Tuesday, June 25, 2024

The challenges sustainable fishers face in Belize


A family of committed fishermen from Sarteneja Village and its surrounding areas in the northern Corozal District uses the waters around Middle Long Caye sustainably. They are the Lopez family, led by Ismael Lopez Sr. and Jr., Rodrigo Lopez, and Nestor Lopez. The family has been fishing in the region for over four decades now. Despite their excellent practices, Ismael, one of the head fishers, shared that pirates, the effects of climate change, and the possibility of expanding marine protected areas without proper consultations often threaten their fishing camp.
The Lopez crew’s sustainable practices have been instrumental in maintaining a healthy fish stock (lobsters, queen conch, and fish) in their fishing grounds. Ismael proudly stated, “We have not witnessed a decline in fish stock in our area as we diligently care for our fishing grounds.” However, they face challenges from illegal fishing and the threat of pirates.
Lopez shared a heartbreaking experience of evacuating their camp after a storm hit. Upon their return from the mainland, their camp had been burned down. They believed pirates were responsible for this tragedy, as they were trying to take control of their fishing grounds. Despite this setback, the family came together to rebuild their camp and continued to protect it for fisheries conservation and to secure their livelihood.
The Belize Federation of Fishers (BFF) has commended the Lopez family for their responsible fishing practices, setting a benchmark for the industry. The BFF has urged authorities to step up monitoring and enforcement against illegal fishing activities detrimental to honest fishermen. While the Belize Coast Guard is currently patrolling the area, additional resources are crucial to safeguard these vital fishing grounds. The Belize Fisheries Department’s stance on the matter and their plans to expand marine protected areas in collaboration with the fishing community are yet to be known.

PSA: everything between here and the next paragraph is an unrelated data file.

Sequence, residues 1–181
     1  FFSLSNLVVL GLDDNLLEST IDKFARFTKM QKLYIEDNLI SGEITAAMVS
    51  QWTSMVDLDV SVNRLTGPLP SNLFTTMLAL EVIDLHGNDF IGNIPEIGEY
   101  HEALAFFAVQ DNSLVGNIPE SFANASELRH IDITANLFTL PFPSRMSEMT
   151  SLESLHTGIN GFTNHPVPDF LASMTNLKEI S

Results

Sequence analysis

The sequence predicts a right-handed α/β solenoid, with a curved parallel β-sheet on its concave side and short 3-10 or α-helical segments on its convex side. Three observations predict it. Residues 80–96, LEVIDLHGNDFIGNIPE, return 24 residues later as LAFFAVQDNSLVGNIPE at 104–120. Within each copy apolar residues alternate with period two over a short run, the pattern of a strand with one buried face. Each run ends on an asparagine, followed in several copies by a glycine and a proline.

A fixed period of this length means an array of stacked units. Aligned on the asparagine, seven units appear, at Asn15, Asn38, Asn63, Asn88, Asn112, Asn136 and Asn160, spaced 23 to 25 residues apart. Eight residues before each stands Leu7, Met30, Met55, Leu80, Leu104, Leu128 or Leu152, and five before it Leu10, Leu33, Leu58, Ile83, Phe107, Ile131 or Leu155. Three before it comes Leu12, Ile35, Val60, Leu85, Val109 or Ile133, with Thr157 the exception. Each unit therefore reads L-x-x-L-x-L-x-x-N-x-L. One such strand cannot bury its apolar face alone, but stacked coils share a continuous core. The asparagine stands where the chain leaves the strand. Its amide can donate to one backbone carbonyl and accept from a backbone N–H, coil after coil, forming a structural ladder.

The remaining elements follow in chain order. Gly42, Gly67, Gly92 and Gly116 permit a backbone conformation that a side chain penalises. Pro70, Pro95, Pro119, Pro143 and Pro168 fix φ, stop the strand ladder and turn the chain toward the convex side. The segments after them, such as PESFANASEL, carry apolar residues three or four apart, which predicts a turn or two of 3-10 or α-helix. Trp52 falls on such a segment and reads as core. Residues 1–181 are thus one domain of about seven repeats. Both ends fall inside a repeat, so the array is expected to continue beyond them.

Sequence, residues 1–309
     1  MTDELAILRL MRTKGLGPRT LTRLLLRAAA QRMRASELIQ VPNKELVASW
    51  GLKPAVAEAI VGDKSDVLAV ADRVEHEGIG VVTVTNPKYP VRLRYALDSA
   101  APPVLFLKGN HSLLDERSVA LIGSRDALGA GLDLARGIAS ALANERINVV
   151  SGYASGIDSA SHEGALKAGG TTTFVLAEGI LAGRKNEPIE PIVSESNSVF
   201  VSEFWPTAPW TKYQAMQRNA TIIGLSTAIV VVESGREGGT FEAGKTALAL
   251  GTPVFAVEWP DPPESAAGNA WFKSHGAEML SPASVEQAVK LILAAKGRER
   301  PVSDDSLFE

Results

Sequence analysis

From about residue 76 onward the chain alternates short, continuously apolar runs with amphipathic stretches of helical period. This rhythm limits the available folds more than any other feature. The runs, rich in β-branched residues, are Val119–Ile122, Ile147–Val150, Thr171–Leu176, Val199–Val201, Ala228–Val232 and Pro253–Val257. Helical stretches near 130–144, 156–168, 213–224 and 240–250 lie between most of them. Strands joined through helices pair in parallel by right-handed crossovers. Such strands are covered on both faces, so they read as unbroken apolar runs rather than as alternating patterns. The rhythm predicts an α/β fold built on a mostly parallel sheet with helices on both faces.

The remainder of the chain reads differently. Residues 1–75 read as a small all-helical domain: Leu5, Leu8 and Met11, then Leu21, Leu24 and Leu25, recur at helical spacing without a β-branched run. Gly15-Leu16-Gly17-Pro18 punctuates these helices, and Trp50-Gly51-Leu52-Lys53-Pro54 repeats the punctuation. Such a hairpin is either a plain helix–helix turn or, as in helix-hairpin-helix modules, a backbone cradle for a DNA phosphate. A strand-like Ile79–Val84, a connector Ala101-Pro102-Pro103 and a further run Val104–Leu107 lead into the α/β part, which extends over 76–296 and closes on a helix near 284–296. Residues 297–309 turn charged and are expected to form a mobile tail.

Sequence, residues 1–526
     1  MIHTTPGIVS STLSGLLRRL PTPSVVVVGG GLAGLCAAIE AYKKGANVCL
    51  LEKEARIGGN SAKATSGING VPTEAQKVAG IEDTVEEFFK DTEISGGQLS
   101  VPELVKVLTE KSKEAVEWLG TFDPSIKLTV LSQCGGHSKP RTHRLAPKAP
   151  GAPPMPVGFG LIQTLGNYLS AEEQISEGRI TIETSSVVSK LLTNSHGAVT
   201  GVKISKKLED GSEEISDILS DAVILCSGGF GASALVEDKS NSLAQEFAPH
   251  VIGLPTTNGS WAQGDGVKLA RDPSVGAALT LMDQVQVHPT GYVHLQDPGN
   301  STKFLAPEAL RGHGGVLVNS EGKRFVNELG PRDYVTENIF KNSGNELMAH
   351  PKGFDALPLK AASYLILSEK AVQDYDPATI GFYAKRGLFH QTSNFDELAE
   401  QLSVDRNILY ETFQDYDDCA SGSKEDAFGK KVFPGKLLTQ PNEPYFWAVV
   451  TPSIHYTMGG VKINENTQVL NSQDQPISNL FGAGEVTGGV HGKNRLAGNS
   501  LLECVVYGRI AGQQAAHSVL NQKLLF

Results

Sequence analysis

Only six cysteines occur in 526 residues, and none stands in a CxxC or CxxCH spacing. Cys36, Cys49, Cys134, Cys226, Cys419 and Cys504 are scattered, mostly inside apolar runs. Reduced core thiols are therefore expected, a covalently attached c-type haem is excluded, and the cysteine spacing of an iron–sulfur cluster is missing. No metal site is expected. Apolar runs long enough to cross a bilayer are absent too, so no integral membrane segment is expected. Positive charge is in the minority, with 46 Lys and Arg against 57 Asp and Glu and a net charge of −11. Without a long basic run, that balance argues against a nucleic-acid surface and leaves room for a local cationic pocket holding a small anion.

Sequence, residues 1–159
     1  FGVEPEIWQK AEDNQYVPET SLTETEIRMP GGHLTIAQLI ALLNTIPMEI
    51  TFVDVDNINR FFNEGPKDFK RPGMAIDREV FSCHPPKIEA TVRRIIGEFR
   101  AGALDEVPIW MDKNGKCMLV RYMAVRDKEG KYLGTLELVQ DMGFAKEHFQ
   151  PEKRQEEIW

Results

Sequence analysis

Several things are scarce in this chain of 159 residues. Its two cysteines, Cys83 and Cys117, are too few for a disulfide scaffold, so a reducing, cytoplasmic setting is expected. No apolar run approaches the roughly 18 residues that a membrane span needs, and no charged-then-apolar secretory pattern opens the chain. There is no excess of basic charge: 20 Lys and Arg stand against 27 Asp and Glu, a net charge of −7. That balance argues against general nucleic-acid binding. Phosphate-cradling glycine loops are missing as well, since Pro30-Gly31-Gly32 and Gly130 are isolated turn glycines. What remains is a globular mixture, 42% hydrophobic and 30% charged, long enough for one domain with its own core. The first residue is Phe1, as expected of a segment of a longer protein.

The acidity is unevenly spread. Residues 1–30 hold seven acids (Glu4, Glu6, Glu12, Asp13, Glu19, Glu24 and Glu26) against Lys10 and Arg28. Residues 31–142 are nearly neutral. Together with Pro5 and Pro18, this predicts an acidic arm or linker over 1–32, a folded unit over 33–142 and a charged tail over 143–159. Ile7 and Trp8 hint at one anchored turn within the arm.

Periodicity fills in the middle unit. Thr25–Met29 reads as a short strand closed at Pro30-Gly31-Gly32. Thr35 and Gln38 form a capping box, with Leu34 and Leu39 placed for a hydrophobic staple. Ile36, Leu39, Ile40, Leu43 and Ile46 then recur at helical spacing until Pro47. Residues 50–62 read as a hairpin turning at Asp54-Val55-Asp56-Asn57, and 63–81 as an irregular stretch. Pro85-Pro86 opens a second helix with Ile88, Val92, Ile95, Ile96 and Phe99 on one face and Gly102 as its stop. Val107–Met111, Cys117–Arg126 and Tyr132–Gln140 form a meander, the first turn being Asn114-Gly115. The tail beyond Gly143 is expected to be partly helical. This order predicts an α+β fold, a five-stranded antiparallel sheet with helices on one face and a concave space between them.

The family acknowledges that times are changing, and climate change has affected their environment. They believe that addressing this issue may be challenging, but they ask the authorities to include them in ongoing conversations to increase the marine protected areas. They are concerned that the expansion of marine protected areas is happening without consulting the fishermen, and they want to be part of the discussions to manage marine resources better.
The fishing industry in Belize is a significant enterprise, generating millions of dollars in revenue. Belize’s primary export products include the spiny lobster and queen conch. According to reports from the Belize Fisheries Department (BFF), the gross export value of marine products can exceed BZ$100 million in any given year. Therefore, it is essential to protect this industry to benefit many Belizean fisherfolk and the tourism industry.
Despite the considerable revenue generated by the fishing industry, many fishermen across the country still struggle to make significant catches. However, the Lopez family at Middle Long Caye has protected the fisheries stock they have worked for decades, facing the odds and ensuring its survival.

Read more


Please help support Local Journalism in Belize

For the first time in the history of the island's community newspaper, The San Pedro Sun is appealing to their thousands of readers to help support the paper during the COVID-19 pandemic. Since 1991 we have tirelessly provided vital local and national news. Now, more than ever, our community depends on us for trustworthy reporting, but our hard work comes with a cost. We need your support to keep delivering the news you rely on each and every day. Every reader contribution, however big or small, is so valuable. Please support us by making a contribution.

Local News